pursuant to § 1981. Id. at 185.
Plaintiff argues that his claim that he should have been promoted in April, 1991, instead of Sherry Miller, falls within Patterson's scope. For purposes of § 1981, a new and distinct relationship is created by a promotion when "the terms of the contract as to duties, tenure, compensation or essential function" would change with the promotion. Bennun v. Rutgers State University, 941 F.2d 154, 169 (3d Cir. 1991), cert. denied, 502 U.S. 1066, 112 S. Ct. 956, 117 L. Ed. 2d 124 (1992). Examples of valid § 1981 claims include changing from a non-supervisory to a supervisory position, id. at 169, and moving from hourly compensation to a salary, Sitgraves v. Allied-Signal, Inc., 953 F.2d 570, 574 (9th Cir. 1992).
Defendant does not challenge plaintiff's representation that Miller's PIQ involved similar responsibilities to those plaintiff had before his transfer.
While Khair's duties, essential function, and tenure might not have changed, plaintiff insists that a level 30 designation not only involves a higher salary and bonus-eligibility, but it also confers a different stature on that employee. Elements such as prestige and public perception were discounted by Bennun, which held that promotion from tenured associate professor to tenured full professor was insufficient for a § 1981 claim.
Plaintiff also directed us to Harper v. Godfrey Co., 45 F.3d 143 (7th Cir. 1995). Harper involved a strike in which replacement workers were utilized. After the strike, a hierarchy was created in which the striking workers resumed as regular full-time employees and the replacement workers became "casuals" or part-time workers. The Seventh Circuit held that because the elevation from casual to regular employee provided "increased job security, seniority rights, better salary, and more fringe benefits," there were "disputed material issues of fact that require[d] submission to a jury." Id. at 147. This Court agrees with Harper but finds the instant case not analogous. Here the only difference beyond prestige is salary, and an increase in pay does not reach the level of change required by Patterson. Taylor v. Western and Southern Life Insurance Co., 966 F.2d 1188, 1200 (7th Cir. 1992) (quoting Harrison v. Associates Corp. of North America, 917 F.2d 195, 198 (5th Cir. 1990)). Plaintiff's discriminatory transfer/failure to promote claim under § 1981 is dismissed.
Plaintiff's two remaining § 1981 claims, the failure to promote claim for his rejection in late 1992 for the position of Manager-Centralized General Ledger and the retaliation claims, are viable under § 1981 since they arose after the enactment of the Civil Rights Act on November 21, 1991. See Lex K. Larson, Employment Discrimination § T88A.14, at 1570 (2d ed. 1995) (§ 1981 "extends to the same broad range of employment actions and conditions as in the case of Title VII."). Defendant moves for summary judgment on these claims because Campbell asserts that plaintiff only alleges national origin discrimination, not race discrimination.
In Saint Francis College v. Al-Khazraji, 481 U.S. 604, 613, 95 L. Ed. 2d 582, 107 S. Ct. 2022 (1987), the Supreme Court held that a claim was cognizable under § 1981 if a plaintiff could show that she was subjected to intentional discrimination solely because of her ancestry or ethnic origin, rather than solely because of the place or nation of her origin. The respondent in Al-Khazraji was a United States citizen born in Iraq. Because Arabs are Caucasians, the petitioners in Al-Khazraji contended that § 1981 did not encompass claims of discrimination by one Caucasian against another. The Court rejected this argument since Arabs were not considered Caucasians when § 1981 was enacted in 1870.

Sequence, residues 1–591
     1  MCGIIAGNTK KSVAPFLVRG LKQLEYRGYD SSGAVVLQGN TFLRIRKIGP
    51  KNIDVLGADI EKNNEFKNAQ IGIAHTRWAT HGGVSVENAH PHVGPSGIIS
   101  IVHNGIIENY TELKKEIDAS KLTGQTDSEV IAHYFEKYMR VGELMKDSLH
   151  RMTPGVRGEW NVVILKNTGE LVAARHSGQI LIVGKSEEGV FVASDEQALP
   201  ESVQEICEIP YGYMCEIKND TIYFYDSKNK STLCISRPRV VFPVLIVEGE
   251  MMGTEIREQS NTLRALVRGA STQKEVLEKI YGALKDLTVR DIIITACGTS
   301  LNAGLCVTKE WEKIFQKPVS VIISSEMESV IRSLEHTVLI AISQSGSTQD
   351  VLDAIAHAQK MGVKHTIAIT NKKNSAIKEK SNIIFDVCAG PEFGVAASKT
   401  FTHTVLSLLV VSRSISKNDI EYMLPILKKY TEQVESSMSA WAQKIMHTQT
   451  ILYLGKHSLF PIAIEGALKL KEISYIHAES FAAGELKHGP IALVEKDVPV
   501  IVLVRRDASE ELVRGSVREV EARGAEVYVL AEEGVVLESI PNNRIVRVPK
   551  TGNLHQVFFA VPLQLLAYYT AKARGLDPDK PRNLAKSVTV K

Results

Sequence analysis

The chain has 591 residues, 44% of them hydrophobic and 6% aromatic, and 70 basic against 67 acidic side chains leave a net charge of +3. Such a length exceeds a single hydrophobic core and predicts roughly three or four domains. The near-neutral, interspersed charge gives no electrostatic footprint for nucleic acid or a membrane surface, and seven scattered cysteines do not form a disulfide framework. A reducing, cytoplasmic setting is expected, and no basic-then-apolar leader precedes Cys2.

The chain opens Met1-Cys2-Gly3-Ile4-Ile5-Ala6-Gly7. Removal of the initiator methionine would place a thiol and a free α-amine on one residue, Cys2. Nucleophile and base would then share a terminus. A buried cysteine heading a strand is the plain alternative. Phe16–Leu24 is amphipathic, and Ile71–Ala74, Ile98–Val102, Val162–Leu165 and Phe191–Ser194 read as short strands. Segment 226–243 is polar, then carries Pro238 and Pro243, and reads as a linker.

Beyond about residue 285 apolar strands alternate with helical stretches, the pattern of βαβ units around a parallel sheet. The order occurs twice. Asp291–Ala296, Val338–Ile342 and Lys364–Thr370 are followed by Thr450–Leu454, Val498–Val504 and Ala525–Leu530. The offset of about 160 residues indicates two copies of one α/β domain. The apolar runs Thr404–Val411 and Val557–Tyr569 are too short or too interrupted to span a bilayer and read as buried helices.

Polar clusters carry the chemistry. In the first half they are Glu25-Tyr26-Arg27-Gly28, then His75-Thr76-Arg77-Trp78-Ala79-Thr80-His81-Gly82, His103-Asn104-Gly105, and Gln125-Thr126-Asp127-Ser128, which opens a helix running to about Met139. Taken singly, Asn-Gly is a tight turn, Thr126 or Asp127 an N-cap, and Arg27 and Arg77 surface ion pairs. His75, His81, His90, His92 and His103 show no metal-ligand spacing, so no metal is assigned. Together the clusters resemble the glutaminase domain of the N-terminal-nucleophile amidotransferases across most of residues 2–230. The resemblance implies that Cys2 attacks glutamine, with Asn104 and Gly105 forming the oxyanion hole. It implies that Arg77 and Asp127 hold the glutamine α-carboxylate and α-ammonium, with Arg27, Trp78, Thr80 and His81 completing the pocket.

Thus the Supreme Court refused to narrowly define the concept of race. Several Circuit Courts of Appeal have likewise noted that it is difficult to draw a bright line between national origin discrimination and racial discrimination. Daemi v. Church's Fried Chicken, Inc., 931 F.2d 1379, 1387 n.7 (10th Cir. 1991) (the concept of race extends to matter of ancestry); Alizadeh v. Safeway Stores, Inc., 802 F.2d 111, 114-15 (5th Cir. 1986) (even though Caucasian, Iranians protected under § 1981); Hussein v. Oshkosh Motor Truck Co., 816 F.2d 348, 352 (7th Cir. 1987) (§ 1981 claim viable when plaintiff alleges he belongs to a group distinct from white citizens).
Khair asserts that Shimrak has made unnecessary and disdainful references to his Egyptian heritage such as Shimrak's remarks regarding camels and Egyptian curses. In Hussein, the Seventh Circuit reinstated a § 1981 claim where the plaintiff had alleged that his supervisors and co-employees had called him a "dirty Black" and a "camel jockey." 816 F.2d at 352 n.3. Thus the Seventh Circuit found that if Hussein had been discriminated against, § 1981 could be the basis for that claim. We hold that if a jury found that Khair was the victim of discriminatory animus, that jury could also find that the source of the defendant's discriminatory animus was plaintiff's ancestry or ethnic origin, rather than his place of birth.
E. Exclusive Remedy of Workers' Compensation
Defendant argues that the tort bar of the Worker's Compensation Act ("WCA") prohibits plaintiff's personal injury claims under the NJLAD. This argument is directed at plaintiff's supplemental state law claims, and thus the Court must examine the law of the state of New Jersey.
The exclusive remedy provision of the WCA states:
If an injury or death is compensable under this article, a person shall not be liable to anyone at common law or otherwise on account of such injury or death for any act or omission occurring while such person was in the same employ as the person injured or killed, except for intentional wrong.